Riding Motorcycles Ain’t All Sunshine and Roses

Part 1–

     Cruising on a bike isn’t necessarily rolling through the Sonic Drive-In on a warm Saturday night.  But it is nice to roll your bike out on a decent day, take a spin and return home that night.  That’s what the class of “Cruiser” bikes were best designed to do. They are great for fair weather riding close to home.

Touring , on the other hand, generally involves overnight travel, sometimes long distances and many nights.  This means riding in weather.  Rain, wind,  cold, whatever gets dished out, you have to learn to equip yourself and deal with it.

I started riding Cruisers and then switched to Touring after my initial training with the Women’s Freedom Ride. I learned to not fear weather. That doesn’t mean I like it, I just don’t fear it. It doesn’t prevent me from riding.

So, I’m in Deadwood, SD on vacation. The weather is heavy rain, with more forecast. I’m in the covered parking garage, getting ready to ride. A couple was loading luggage in their car nearby.

The guy turned to me and asked, “Are you one of those one-day riders?”  I didn’t know what that meant, so I asked what that was.

He replied, “You know, someone who brings their bike to the Sturgis Rally, rides it once, then puts it away”.   I laughed and told him that I was nothing of the sort. I’m an all-weather, year round rider.

He said that was good, but was I aware that it was raining outside?   I laughed even more and motioned to my coat and said, “This is called a rain suit. It’s what you wear in the rain”.  🙂

He told me the weather was going to get bad. By now, I’m becoming a little impatient, like some guy is telling this little girl she shouldn’t be doing this.

I finally, said, “Listen, I’m not posing as a biker. I’m a very serious real biker. I ride in the rain, I ride in the cold, I ride in the wind. I rode 3,000 miles from Lincoln, Nebraska to Las Vegas and back in the cold of November.  The temp when I left home was 24 degrees, with winds out of the north at 25 to 40 mph. I’ve ridden all day in driving rain at 80 mph, in formation with 30 other women bikers”.  (Women’s Freedom Ride 2017, thank you)

He realized he’d been put in his place. He was in a car. He shouldn’t be giving advice to a woman who was actually riding a motorcycle.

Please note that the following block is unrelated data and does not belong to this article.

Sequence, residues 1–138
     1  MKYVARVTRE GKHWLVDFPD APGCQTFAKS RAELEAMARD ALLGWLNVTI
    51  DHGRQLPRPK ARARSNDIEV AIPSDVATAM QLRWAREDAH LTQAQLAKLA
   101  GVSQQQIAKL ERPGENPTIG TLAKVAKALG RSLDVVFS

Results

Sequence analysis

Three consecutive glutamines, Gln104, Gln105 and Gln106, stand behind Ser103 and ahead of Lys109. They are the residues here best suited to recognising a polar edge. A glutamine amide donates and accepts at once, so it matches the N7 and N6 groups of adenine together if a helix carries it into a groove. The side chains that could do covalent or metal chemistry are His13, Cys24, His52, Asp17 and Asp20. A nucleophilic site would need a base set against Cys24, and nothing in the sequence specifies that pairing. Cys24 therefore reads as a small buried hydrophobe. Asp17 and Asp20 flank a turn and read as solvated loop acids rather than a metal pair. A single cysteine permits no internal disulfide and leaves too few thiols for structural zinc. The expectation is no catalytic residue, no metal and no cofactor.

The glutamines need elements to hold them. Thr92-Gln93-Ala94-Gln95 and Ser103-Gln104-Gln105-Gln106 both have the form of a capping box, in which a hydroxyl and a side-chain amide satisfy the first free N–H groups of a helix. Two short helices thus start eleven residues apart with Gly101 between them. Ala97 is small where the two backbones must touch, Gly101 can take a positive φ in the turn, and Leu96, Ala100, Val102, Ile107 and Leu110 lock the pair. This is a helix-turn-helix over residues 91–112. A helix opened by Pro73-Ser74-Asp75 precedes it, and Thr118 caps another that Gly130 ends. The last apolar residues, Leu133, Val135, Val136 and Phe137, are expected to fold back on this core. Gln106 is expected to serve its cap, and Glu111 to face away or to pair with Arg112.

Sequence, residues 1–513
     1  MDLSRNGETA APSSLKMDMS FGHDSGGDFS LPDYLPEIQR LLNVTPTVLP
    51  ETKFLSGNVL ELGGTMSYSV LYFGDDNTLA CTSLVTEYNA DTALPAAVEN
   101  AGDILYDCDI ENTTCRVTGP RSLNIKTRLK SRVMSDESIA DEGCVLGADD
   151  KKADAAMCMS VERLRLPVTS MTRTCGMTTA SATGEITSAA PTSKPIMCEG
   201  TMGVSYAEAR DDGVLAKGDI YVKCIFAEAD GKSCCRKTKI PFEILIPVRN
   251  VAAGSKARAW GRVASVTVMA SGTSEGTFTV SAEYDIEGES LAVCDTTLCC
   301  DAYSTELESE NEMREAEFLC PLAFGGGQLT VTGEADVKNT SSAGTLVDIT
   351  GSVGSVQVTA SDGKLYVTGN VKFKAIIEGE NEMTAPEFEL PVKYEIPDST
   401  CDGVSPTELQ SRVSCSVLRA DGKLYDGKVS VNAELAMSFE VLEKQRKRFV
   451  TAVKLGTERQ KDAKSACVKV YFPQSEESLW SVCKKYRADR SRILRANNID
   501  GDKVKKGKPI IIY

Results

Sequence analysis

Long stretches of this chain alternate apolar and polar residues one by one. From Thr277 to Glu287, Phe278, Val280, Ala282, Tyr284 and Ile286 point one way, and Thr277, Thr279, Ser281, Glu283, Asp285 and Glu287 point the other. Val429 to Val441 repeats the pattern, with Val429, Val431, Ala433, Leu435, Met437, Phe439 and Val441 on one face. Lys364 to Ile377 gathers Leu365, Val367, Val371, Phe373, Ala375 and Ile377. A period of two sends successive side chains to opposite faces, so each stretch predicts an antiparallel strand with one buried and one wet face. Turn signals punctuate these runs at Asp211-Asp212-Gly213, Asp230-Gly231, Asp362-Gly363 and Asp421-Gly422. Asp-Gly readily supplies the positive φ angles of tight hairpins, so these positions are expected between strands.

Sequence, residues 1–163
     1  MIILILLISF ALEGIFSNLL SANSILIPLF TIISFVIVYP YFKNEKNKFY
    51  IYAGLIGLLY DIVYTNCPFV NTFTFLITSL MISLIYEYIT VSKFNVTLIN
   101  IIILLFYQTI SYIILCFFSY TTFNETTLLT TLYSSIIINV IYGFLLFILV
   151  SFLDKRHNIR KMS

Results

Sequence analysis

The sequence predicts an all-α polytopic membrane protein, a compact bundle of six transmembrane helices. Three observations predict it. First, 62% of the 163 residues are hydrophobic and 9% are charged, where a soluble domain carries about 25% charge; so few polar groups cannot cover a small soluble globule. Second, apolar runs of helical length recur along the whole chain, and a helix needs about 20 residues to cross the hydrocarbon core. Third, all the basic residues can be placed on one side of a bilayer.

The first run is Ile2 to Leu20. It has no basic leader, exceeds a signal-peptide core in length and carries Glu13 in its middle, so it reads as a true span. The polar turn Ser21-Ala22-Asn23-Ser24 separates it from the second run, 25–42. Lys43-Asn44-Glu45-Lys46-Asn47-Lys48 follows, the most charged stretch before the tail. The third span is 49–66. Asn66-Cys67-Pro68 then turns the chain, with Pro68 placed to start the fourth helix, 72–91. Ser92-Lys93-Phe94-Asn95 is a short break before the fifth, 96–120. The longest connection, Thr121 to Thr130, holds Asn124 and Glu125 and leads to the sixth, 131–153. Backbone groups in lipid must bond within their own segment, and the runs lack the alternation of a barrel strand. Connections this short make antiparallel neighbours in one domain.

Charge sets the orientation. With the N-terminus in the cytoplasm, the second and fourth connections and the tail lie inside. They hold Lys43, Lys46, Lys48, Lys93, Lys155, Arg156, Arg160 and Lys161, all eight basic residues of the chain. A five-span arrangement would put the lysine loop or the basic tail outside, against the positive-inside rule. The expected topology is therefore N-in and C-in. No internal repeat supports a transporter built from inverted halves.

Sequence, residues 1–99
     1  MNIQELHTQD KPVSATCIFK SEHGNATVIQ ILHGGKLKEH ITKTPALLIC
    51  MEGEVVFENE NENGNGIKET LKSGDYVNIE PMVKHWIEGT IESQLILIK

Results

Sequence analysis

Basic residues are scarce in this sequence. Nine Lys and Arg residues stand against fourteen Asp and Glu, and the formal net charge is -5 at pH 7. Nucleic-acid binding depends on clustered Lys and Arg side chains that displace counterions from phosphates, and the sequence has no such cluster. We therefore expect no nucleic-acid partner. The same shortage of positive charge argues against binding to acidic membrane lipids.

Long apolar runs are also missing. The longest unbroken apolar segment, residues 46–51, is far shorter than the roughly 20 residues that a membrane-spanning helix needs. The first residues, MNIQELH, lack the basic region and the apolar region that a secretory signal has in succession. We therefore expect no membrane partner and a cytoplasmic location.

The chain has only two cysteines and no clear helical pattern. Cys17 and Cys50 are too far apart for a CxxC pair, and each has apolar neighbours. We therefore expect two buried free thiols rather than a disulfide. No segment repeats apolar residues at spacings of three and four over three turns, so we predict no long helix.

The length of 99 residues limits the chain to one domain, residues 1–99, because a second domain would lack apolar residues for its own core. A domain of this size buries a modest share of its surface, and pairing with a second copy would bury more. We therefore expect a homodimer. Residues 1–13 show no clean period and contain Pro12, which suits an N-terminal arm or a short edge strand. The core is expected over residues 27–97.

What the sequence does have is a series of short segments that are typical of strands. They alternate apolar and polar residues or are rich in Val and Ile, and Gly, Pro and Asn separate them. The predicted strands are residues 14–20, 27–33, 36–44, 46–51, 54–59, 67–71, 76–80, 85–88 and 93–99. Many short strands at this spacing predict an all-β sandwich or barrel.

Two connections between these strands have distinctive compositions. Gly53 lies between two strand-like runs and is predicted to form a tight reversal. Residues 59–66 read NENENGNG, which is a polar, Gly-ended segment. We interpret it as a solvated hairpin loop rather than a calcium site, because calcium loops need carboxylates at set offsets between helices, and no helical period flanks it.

He became very supportive, expressed admiration and told me to ride safe.

So, let’s talk about riding in the rain. You first need good rain gear for touring travel. For cruising, tarp from Bob’s Closeouts might do, but this is serious stuff. 🙂

If you can find a bright color, that’s a real plus. I was told I could be easily seen from a quarter mile away in this jacket. It’s real Harley Davidson gear.  Some will bash Harley stuff for being expensive, which it is, but I’ve found it to be extremely well designed and built. It’s great value for the money. If you’re 500 miles from home and you get cold and wet, saving a few bucks doesn’t seem like such a great deal.

 Before buying any riding gear, take a photo like this, without the flash.  Then, take another photo WITH the flash.

The difference is striking. This is how you’ll look at night in the glare of headlights, or even street lights. I learned this trick in the Basic Riding Skills class. I always do this now. This should also be done with all children’s gear. If you’re a runner or bicyclist, listen up. I struggle to see people out at night, in the street, dressed in all black with no reflectors. Might be high fashion, but not very practical. I learned from my mother that function beats fashion every time the weather is bad.  She looked like a frog in her green rain suit, but she was as dry as the Mojave inside it.

So, you’re all cinched up. Be sure your windshield, face shield and goggles are nice and clean. That will allow the water to blow off so you can see.

Don’t ask me why, but the windshields on my soft tail Fat Boys would allow water beads to simply sit there at 60 mph, right in my line of sight. I would increase speed to 70. It’s like they were sticking out their tongue at me, while putting their thumbs in their ears and fanning their fingers. “You can’t touch me!  Na na na na na Nah!   Jeeze, even up to 80 mph, they kept it up.

So, I reached over the top of the windshield and wiped my glove across the water and it was finally gone. Great, now I do have a windshield wiper, it’s called my left hand. (Right hand has to work the throttle, but you know that. )

I started with a salad bowl helmet. It’s not really from the kitchen, but it’s just a top, with no sides or front. My first rain storm found my face feeling like hundreds of sharp darts were hitting it. It hurt. Then my glasses got so spotted I could hardly see. I was on a road with no shoulders and no place to pull over. The stiff side winds were buffeting me.  I rode 50 miles that way. The thing that ticked me off was that the rain stopped a few miles from home and when I arrived, the sun was out and the streets drying off.

My Goddess of biking was giving me valuable lessons from the start.

My next investment was a helmet with a face shield. Very helpful in a rain storm. Consider that for touring. I currently have a modular Harley helmet. I can lift up the front to drink water without removing the entire helmet. It has a great visor that can also be lifted up.  I can ride visor up or visor down.

So, water gets on the windshield of a cruiser. It blows right off a touring bike in most cases. But, my visor gets covered with water drops. So, I just stick my head out to one side and let the wind blow the water off the visor. Works like a charm and now I don’t need my left hand wiper any more. I still bring it along, just in case. 🙂